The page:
Those words on the screen, “No signal”, are even more annoying when there’s no signal for you, but others are still connected. Wouldn’t it be better if phones simply switched to a different network to ensure everyone could connect?
This idea of national network roaming, allowing users to switch networks in a similar fashion to how phones automatically switch to foreign networks when travelling abroad, is what the government is proposing. Legislation would force UK mobile phone network operators to co-operate in an effort to eliminate the areas of no phone signal, so-called “notspots”, particularly in rural areas.
But this apparent simplicity obscures the fact that national and international roaming are quite different. In fact, national roaming is possibly the worst policy for tackling the problem.
A seamless switch is hard
International roaming allows phones to work abroad by connecting to foreign networks with whom your operator has an agreement. But once on that network your mobile stays connected, and if the signal diminishes, the connection is lost. The phone will only revert to its usual network on return to the UK.
The government’s national roaming proposals are radically different. They propose a more seamless system, whereby a phone will constantly search for the best signal, connecting to the best available as the signal strengths change. So while on the move, you might start a call while connected to your usual operator’s network, then switch to another operator’s network as the signal diminishes, and perhaps switch back, or to a third operator, as circumstances change.
This is a massively complex technical challenge, requiring a great deal of information exchange between networks – and synchronisation to ensure that calls are not dropped or data lost during the switchover. Even with a non-seamless approach, akin to international roaming, calls will drop while the phone disconnects from one network and searches for another. The constant searching for networks would also have an impact on battery life, and these technical aspects ignore another challenge: who gets billed, by whom, and for what.
Transitions could disrupt the market
The UK mobile industry simply hasn’t got this technology in place. There would need to be a slow transition, at no doubt considerable cost. The telecoms market is already highly regulated and extremely competitive, so forcing operators to invest where there is uncertain or limited demand seems highly interventionist and prescriptive.
With limited returns available for the networks, its likely costs will ultimately be passed to the subscribers, driving up prices. In practice, the competing factors of demand, supply and regulation all need to be kept in step and not treated in isolation.
There are plenty of other countries where mobile operators can generate better returns on their investments than in the UK – and we should guard against driving out their investment and expertise. In fact we’ve experienced this before – the excessive costs of UK 3G spectrum licences meant we fell behind in 3G development, something that has only now been partly reversed in the move to 4G, where the UK has again gained a leading position. Changing network-build policies and requirements in the middle of that transition is not going to be easy and could cause great disruption.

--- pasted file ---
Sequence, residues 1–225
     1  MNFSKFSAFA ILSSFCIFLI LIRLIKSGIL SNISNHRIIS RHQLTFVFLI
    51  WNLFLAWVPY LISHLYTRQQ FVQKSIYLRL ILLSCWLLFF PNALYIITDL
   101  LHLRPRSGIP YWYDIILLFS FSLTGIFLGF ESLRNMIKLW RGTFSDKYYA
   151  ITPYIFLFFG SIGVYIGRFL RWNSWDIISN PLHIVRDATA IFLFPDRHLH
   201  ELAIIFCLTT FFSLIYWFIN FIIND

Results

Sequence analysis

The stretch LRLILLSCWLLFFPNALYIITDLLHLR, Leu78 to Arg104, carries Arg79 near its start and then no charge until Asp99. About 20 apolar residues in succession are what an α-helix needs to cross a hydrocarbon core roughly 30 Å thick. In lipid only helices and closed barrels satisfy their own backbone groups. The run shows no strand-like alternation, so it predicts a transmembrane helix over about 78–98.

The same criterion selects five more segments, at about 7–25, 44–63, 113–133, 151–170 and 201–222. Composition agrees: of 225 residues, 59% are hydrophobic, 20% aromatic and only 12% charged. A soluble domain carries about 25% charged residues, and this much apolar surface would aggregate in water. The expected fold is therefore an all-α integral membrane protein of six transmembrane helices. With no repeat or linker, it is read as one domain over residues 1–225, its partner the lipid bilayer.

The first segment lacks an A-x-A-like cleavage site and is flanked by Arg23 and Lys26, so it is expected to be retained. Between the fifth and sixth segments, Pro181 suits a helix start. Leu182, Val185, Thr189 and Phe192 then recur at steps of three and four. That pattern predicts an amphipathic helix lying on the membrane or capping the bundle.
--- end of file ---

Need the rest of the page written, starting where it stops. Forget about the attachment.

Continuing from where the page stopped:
A national roaming policy could also stifle competition. At the moment operators differentiate themselves by the quality of their network – forcing them to share networks would remove a key service offering. It could also produce perverse incentives that are counter to the government’s aim – after all, if an operator can count on another’s network to fill the gaps in its own provision, where is the incentive for it to improve its own network?
Truly disconnected areas won’t be helped
A partial “notspot” is an area in which there is coverage from at least one operator’s network. Some areas are complete “notspots”, with no coverage at all. So these proposals would have no impact whatsoever on those without any connectivity from any network operator and no incentive to do anything about them.
The government argues that such national roaming is already in use elsewhere, such as in France. This is true, but again there is an important difference. The French networks had such network switching designed-in from the beginning, with the government part-funding infrastructure to connect rural areas. Trying to retrofit this capability to UK networks is a considerably more difficult challenge, with potentially unforeseen consequences.
Co-operation, no coercion
So if national roaming is not the answer, what is? The only way to tackle notspots is to build more infrastructure to provide phone signal where it’s lacking. Some operators already collaborate, for example installing their own equipment at the same physical site and sharing the costs.
If the government really wants to tackle rural notspots it should be working with local authorities and the mobile industry to relax and streamline planning laws and procedures for deploying new mobile base stations and masts. At least then people living in those rural areas, rather than those passing through, could then benefit from an improved service.
There is no question that notspots are incredibly frustrating and have a negative impact on the UK economy. But what is needed is a policy that will encourage mobile operators to tackle these areas – and national roaming is simply not the policy that will make this happen.